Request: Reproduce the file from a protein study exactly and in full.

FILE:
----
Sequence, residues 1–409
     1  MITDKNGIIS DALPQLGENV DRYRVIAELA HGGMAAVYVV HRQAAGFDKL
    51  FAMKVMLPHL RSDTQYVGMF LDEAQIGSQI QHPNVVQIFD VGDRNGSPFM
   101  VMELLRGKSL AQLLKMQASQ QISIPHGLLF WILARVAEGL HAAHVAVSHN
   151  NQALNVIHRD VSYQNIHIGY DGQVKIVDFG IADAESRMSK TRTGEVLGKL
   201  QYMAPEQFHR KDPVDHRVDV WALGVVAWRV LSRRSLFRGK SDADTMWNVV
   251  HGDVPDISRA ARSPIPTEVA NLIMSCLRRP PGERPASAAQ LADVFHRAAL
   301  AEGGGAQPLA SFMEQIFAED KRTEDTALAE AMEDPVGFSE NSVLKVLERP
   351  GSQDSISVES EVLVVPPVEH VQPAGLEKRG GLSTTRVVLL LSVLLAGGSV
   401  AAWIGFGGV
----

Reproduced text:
Sequence, residues 1–409
     1  MITDKNGIIS DALPQLGENV DRYRVIAELA HGGMAAVYVV HRQAAGFDKL
    51  FAMKVMLPHL RSDTQYVGMF LDEAQIGSQI QHPNVVQIFD VGDRNGSPFM
   101  VMELLRGKSL AQLLKMQASQ QISIPHGLLF WILARVAEGL HAAHVAVSHN
   151  NQALNVIHRD VSYQNIHIGY DGQVKIVDFG IADAESRMSK TRTGEVLGKL
   201  QYMAPEQFHR KDPVDHRVDV WALGVVAWRV LSRRSLFRGK SDADTMWNVV
   251  HGDVPDISRA ARSPIPTEVA NLIMSCLRRP PGERPASAAQ LADVFHRAAL
   301  AEGGGAQPLA SFMEQIFAED KRTEDTALAE AMEDPVGFSE NSVLKVLERP
   351  GSQDSISVES EVLVVPPVEH VQPAGLEKRG GLSTTRVVLL LSVLLAGGSV
   401  AAWIGFGGV